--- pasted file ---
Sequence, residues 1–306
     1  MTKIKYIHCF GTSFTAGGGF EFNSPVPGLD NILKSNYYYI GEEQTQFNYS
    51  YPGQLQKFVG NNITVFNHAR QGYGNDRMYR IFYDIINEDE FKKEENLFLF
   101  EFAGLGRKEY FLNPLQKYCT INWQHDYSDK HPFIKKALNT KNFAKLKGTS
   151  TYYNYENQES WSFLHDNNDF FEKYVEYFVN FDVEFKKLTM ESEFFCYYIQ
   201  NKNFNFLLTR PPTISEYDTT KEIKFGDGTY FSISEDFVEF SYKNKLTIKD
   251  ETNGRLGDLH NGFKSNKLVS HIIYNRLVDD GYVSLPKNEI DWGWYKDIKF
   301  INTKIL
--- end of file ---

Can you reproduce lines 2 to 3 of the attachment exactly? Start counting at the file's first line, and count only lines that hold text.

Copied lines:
     1  MTKIKYIHCF GTSFTAGGGF EFNSPVPGLD NILKSNYYYI GEEQTQFNYS
    51  YPGQLQKFVG NNITVFNHAR QGYGNDRMYR IFYDIINEDE FKKEENLFLF